Two Weeks to Address Government Funding and the Extenders.
The House Will Not Vote on H.R. 3, The Lower Drug Costs Now Act, This Week. The House has returned from its one week recess but will not be voting on H.R. 3 until December. The vote has been delayed to give the Congressional Budget Office (CBO) more time to complete a score of the bill. This is a comprehensive bill that makes significant changes in prescription drug pricing, such as allowing for government negotiations, imposing an inflationary rebate, and restructuring the Medicare Part D catastrophic phase. These provisions are all likely to save the federal government money. However, H.R. 3 also has been tied to a large expansion of Medicare benefits – vision, hearing, and dental. These provisions add costs to the federal deficit. It is not surprising that CBO needs additional time to determine the savings and costs of the bill. So we wait for CBO complete score before seeing a vote in the House.
The November 21st Deadline is Rapidly Approaching. Congress has two weeks, or really eight working days, to fund the government to prevent a shutdown and to address the health care extenders. The last continuing resolution (CR) and health care extenders are set to expire on November 21, meaning Congress needs to address both of those priorities before they head into the Thanksgiving recess. It is becoming extremely likely that Congress will pass another short-term CR to allow more time to work through remaining issues. However, it is still unclear if that CR will be for one month or potentially even three months.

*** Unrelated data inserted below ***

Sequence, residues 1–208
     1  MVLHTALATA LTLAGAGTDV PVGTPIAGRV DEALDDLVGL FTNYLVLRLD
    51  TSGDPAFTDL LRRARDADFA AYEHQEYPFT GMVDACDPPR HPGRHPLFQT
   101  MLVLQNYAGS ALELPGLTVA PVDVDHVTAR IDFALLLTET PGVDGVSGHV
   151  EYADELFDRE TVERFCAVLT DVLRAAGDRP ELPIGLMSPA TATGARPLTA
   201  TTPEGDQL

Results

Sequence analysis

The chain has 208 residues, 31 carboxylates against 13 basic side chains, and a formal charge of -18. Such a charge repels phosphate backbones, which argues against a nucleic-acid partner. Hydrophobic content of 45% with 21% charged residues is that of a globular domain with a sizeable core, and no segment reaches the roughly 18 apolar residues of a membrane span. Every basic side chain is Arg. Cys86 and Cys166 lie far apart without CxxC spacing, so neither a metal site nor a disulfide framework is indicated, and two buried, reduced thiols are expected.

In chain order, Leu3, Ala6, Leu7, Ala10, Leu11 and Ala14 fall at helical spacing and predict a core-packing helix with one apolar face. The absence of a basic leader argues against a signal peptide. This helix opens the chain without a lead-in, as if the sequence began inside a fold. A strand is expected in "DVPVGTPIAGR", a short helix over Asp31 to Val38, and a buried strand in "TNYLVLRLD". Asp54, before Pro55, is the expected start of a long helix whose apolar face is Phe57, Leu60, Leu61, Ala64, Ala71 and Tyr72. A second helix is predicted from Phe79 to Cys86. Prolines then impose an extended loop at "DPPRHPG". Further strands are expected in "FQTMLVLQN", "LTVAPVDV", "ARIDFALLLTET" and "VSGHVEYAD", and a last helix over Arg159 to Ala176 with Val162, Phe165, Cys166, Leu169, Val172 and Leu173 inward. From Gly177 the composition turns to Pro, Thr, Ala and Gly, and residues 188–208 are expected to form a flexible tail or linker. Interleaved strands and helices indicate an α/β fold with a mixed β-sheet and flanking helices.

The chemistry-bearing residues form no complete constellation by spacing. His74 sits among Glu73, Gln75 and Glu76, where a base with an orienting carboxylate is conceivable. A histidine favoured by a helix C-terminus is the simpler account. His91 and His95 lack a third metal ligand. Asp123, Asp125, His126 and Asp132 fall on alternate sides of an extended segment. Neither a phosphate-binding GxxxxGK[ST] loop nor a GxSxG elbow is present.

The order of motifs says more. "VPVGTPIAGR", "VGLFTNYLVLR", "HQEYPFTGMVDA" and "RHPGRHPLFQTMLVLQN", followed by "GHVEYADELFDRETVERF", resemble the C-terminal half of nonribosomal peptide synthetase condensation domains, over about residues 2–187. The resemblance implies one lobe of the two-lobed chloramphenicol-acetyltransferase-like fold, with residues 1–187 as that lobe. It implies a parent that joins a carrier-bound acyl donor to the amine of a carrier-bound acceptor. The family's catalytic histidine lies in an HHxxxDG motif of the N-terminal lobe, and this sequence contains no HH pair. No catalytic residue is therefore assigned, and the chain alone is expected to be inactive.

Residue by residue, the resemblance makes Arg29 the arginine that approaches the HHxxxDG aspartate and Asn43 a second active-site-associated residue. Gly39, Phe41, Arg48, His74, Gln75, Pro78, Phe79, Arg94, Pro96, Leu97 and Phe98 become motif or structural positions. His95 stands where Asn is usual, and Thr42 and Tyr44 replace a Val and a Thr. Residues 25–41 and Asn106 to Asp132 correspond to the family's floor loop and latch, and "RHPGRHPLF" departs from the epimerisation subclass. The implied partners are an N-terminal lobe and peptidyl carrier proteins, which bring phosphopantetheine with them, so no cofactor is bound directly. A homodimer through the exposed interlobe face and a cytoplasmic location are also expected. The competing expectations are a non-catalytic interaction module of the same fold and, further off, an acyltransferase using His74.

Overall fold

Regardless of the length of the CR, it appears that Congress is still willing and working to also include short-term funding for the extenders. Meaning the extenders would again be put on the same timeline as government funding. This gives Congress more time to reach a deal on the extenders and address how to pay for the extenders long-term. If it is only a one month CR, Congress likely has enough funding to pay for the costs of the extenders for one additional month. However, if the CR is longer than one month, it is unclear where the money for the short-term extender funding will come from. Congress is also working to find funding for the extenders when they are finally addressed on a longer-term scale. Surprise billing and the consensus drug pricing policies (i.e., the CREATES Act) save money. These policies can still appear at the last minute to pay for the extenders.
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